Contact Tracing

The novel coronavirus is spread through contact with an existing virus being expelled by an infected host.

According to an article on WebMD, “COVID-19, the illness caused by the coronavirus, starts with droplets from an infected person’s cough, sneeze or breath. They could be in the air or on a surface that you touch before touching your eyes, nose or mouth. That gives the virus a passage to the mucous membranes in your throat.”  This information has been duplicated through various sources easily found on the internet, but the information is not yet complete. Most reputable health sites will stress that more information is needed.

Once infected, the human immune system responds to the infection, and within two to 14 days a wide variety of symptoms can result. These symptoms can include any, or a combination of fever, cough, shortness of breath, fatigue, chills (sometimes with shaking), body aches, headache, sore throat, loss of taste, loss of smell, nausea and diarrhea. But one inherent problem is that an infected person might not show any of these symptoms within the two-week time frame or might not show any symptoms at all. Another problem is that many of the symptoms of the disease are typically associated with other known conditions and diseases. So, tracking the path and spread of the virus by symptoms alone is at best problematic, and at worst unreliable.

Contact tracing, on the other hand, offers a more direct approach along a clearer path. Chris Crum, the Public Health Director for the Greenup County Health Department, said contract tracing is a means of determining how widespread the infection can or has been spread. Currently the state and local health departments are working together to determine the best procedures, Crum said. But currently they are focusing on when an individual tested positive and adjusting the time frame around when that individual exhibited the first symptoms.

The time frame, depending upon symptoms, could be as long as three weeks. Once determined, the health department notifies the people with whom that individual has been in contact during that time frame. Due to HIPAA regulations, the health department does not reveal the name or any other information about the individual who tested positive. And after notifying them, they request those contacts follow self-isolation procedures until determining whether they have been infected themselves.

“Some people can be asymptomatic or never show symptoms even though they are infected,” Crum said. “But they can still spread it by being a carrier. And that’s why we have tried to increase our testing capacity to where those people who might be asymptomatic can be tested and we can see where it might have been spread.”

Crum said that currently the health department isn’t testing for COVID-19. But they might at some point in the future if needed. The CARES Act is covering the cost of the tests (nasal swab). Testing is being done at King’s Daughter’s Medical Center, including asymptomatic individuals, and Primary Plus in South Shore is testing asymptomatic individuals as well.

“Primary Plus just received a $933,000 grant to increase testing capacity,” Crum said. “And I just got word that both KDMC and Primary Plus will be doing antibody testing in the future. So, we will be fully capable with regards to testing.”

Crum said that this capacity for testing, something many areas might not be fortunate enough to share, frees the health department to focus on their own strengths.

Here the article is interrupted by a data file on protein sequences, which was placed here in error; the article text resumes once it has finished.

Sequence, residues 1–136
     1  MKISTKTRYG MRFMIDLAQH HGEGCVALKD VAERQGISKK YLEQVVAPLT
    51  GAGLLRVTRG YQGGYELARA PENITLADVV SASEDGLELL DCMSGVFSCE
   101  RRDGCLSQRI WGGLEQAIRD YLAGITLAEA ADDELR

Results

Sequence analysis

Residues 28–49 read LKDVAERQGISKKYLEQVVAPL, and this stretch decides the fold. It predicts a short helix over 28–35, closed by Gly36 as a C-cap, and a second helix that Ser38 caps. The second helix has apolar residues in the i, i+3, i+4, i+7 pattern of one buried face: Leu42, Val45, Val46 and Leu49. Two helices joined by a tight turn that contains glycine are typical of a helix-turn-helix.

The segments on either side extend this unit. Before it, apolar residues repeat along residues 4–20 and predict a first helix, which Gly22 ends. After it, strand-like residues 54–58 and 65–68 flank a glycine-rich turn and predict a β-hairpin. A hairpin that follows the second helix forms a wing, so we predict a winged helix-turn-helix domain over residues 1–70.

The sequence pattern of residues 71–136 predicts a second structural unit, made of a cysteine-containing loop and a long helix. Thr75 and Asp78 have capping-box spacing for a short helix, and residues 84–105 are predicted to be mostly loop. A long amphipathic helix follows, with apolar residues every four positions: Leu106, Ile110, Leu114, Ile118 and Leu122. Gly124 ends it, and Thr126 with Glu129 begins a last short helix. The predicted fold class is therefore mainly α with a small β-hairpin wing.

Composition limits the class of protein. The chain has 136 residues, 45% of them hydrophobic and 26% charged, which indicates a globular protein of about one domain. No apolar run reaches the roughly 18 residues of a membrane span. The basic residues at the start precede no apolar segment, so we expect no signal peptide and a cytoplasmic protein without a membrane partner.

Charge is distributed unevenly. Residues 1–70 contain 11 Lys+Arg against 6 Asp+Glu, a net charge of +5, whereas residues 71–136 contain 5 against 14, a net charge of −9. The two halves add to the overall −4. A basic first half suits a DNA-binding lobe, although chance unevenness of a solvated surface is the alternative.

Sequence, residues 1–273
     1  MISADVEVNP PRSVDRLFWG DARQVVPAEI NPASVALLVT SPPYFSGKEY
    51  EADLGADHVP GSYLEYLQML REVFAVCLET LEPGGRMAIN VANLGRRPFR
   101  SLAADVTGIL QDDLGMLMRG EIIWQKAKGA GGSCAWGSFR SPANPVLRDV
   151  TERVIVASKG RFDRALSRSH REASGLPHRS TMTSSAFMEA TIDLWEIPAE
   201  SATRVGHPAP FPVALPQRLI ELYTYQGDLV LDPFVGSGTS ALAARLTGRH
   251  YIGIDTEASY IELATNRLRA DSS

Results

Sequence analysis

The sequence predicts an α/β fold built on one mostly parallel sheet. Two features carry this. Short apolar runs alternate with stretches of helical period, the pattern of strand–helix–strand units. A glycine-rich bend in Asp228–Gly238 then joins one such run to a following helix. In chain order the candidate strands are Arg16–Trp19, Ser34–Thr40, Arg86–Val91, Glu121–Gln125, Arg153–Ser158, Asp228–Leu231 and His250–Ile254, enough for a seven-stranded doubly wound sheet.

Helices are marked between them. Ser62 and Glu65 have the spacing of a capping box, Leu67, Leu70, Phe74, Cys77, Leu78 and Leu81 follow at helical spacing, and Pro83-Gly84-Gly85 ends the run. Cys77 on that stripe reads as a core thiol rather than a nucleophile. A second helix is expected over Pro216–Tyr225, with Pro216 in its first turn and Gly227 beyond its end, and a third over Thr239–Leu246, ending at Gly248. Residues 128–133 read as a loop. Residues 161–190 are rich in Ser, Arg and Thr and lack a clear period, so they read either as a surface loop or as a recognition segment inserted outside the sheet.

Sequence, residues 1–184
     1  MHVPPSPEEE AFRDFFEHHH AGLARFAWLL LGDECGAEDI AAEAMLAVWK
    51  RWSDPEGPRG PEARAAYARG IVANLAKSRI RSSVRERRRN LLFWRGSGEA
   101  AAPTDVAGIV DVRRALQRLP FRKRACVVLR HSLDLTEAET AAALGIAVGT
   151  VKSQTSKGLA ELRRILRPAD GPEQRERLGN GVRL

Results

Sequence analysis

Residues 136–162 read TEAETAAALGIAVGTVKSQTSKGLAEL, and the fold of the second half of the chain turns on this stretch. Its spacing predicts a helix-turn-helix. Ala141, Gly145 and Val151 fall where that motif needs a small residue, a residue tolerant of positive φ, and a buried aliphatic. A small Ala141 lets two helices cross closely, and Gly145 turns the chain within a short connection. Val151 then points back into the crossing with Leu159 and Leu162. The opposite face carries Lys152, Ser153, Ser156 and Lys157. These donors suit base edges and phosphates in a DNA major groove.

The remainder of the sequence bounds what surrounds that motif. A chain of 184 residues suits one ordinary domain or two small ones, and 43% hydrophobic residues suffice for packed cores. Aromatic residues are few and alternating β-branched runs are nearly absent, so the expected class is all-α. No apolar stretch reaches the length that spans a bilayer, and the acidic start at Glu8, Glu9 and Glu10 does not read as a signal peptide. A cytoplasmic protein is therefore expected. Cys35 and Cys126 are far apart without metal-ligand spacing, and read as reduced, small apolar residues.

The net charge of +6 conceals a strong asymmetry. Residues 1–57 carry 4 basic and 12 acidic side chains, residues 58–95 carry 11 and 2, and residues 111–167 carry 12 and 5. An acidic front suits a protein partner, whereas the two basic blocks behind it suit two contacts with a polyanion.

“We are fortunate with the hospitals and the health care providers we have,” Crum said.

The testing being performed by area hospitals and health care providers, including Southern Ohio Medical Center, is one factor that has allowed the health department to stay ahead regarding contact tracing. Another factor is the relatively smaller numbers — compared to other counties in the state — of individuals who have tested positive for COVID-19. Generally, Crum said, the health department knows the results of the tests even before the hospital or health care provider who administered it.

“There is a CDC disease surveillance system that we check every day to see if there have been positive cases reported. But all the health care providers are really good about sharing information,” Crum said. “We get reports every day on the number of tests being done from KDMC, Primary Plus, SOMC and even from Cabell Huntington. So thankfully we are getting a constant flow of results. Fortunately, its almost all negative.”

“But with any of the positive results, we start contact tracing immediately. We start to find out where they’ve been and who they have been in contact with. Right now, the pace that the positives came in made it possible to do all of that in house,” Crum said. “We had 13 positives, and now we have 13 recovered.”

Spaced out over the past several months it was manageable, he added, but if there is a big surge of positives Crum said they will need to use some of the 700 people the state is supposed to employ for contract tracing.

Crum said he believes everyone should be tested, both to help with understanding the spread and helping to control the pandemic. The most important reason people should get tested, he said, is not for themselves, but for their family, friends and community to protect them from getting sick or worse. Crum said it is the most practical way to understand more about the disease, but more important than that reason is a very human reason.

“I just call it being a decent human being,” Crum said. “Being more concerned about others that yourself.”

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